A PLANNING application to build a dedicated new bus, pedestrian and cycle route between East Reading and the Town Centre will be submitted today (July 4).
Known as the East Reading Mass Rapid Transit (MRT), the new route would provide a direct new link between Reading Town Centre and Thames Valley Business Park, and the proposed Thames Valley Park and Ride site in Wokingham.
It would be open to buses, pedestrians and cyclists only. Private vehicles would not be permitted to use the route. Instead it will help to alleviate the existing traffic bottleneck along London Road and Cemetery Junction by providing a quick, easy and direct route with reliable journey times, as a viable alternative to the private car. It will also provide capacity for future demand.
The Planning Application will be considered later this year. If approved, the current schedule is for work to begin in 2019 and for it to open in 2021/22.
As part of the Planning Application process, the Council is hosting two public exhibitions of the plans. These will take place at:
- Wokingham Waterside Centre, Monday 10 July 2017, 2pm – 7pm
- Reading Town Hall, Thursday 13 July 2017, 2pm – 7pm
The sustainable transport route for East Reading would run parallel to the Great Western mainline, connecting to Napier Road and linking with the Napier Road underpass which Reading Borough Council opened last year. The route would be extended near Tesco’s and on to the Kennetmouth, where a new single lane bridge would be constructed next to the existing railway bridge over the river. This would then link with the proposed 277 space Thames Valley Park and Ride site in Wokingham, and Thames Valley Business Park.
Tony Page, Reading Borough Council’s Lead Member for Strategic Environment, Planning and Transport, said:
“The scheme is a vital first element of developing a public transport corridor between Reading, Wokingham and Bracknell, and would link to the preferred location for the Third Thames Crossing. It is our intention that any Third Thames Bridge will include dedicated public transport provision to link to park and ride sites north and south of the river.
“Let me stress that the proposed new bridge over Kennetmouth, which is part of the East Reading MRT, is intended for public transport, cyclist and pedestrian use only.
“The actual section of the bridge over Kennetmouth will be narrowed to a single lane, which will facilitate shuttle working over the bridge and will ensure that it cannot be converted into a conventional road bridge without effectively completely rebuilding the bridge. This single lane design will obviously result in a narrower bridge, impacting less on the local environment and ensuring the listed Horseshoe Bridge is retained, besides reinforcing our commitment to public transport links.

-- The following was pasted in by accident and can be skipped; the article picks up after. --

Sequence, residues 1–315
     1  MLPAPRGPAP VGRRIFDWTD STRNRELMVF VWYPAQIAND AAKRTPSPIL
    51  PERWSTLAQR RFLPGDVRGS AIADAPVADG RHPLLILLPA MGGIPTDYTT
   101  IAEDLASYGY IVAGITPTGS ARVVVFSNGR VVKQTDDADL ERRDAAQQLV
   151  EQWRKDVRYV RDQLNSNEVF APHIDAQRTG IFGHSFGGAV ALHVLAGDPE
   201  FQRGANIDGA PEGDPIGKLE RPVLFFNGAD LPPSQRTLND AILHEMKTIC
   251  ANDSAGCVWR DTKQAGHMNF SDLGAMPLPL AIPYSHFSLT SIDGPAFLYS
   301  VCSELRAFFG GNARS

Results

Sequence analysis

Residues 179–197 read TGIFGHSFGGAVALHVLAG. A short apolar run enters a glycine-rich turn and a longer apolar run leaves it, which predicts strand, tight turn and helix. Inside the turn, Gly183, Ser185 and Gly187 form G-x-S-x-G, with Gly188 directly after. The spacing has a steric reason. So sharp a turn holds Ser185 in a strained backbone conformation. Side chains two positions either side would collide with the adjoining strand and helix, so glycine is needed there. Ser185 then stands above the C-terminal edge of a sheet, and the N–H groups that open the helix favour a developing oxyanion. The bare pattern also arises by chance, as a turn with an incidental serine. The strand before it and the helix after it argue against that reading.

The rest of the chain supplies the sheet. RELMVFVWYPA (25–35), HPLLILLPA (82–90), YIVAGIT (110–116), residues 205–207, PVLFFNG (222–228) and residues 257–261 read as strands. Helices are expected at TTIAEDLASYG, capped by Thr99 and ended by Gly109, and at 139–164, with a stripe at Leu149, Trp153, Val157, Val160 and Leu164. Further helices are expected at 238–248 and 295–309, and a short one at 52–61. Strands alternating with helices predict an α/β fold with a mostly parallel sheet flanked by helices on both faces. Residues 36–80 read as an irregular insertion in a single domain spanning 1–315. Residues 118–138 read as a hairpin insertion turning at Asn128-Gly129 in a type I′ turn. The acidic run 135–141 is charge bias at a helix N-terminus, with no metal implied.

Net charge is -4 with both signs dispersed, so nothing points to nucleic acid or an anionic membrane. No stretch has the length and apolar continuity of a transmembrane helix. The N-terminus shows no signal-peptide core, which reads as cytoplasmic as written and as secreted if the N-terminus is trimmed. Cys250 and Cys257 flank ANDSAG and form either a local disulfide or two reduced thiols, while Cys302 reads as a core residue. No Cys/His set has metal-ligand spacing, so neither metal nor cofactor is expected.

“During peak hours this proposed bus-only link from Thames Valley Park along Napier Road will save buses up to 15 minutes by bypassing the often congested and slow-moving London Road/Cemetery Junction/Forbury Road route. Once this new and faster route has become established, it will significantly increase the attractiveness of public transport services. It is forecast that many thousands of car commuter journeys will switch to public transport, thereby reducing congestion and improving air quality in east Reading.
“The East Reading MRT proposal will help to manage and accommodate the very substantial growth planned over the next 20 years in the Wokingham area, and reduce the impact of this growth on residents in Reading.
“This is an example of the local authority successfully attracting external funding for a scheme to help alleviate the congestion and air quality issues that we know that exist in the east of the borough. I hope as many people as possible make some time to drop into the exhibitions and see the plans for themselves, and so that they are properly informed about the benefits.”
An initial public consultation exercise which helped to inform the scheme took place in July last year. As part of the usual planning process, the Local Planning Authority will consider all written representations received up until the time at which the application is reported to the Council’s Planning Applications Committee, currently expected to be in the autumn.
The full planning application will be available to view online via the Council’s planning portal (http://planning.reading.gov.uk) once all documentation has been verified by the planning department. As it is a large planning application, this process is expected to take a number of days.
The proposed East Reading MRT scheme is being promoted by Reading Borough Council, Wokingham Borough Council and Thames Valley Berkshire Local Enterprise Partnership (LEP), with capital funding allocated through the LEP’s Growth Deal. That is external funding the Council has successfully bid for and which cannot be used to fund other Council services.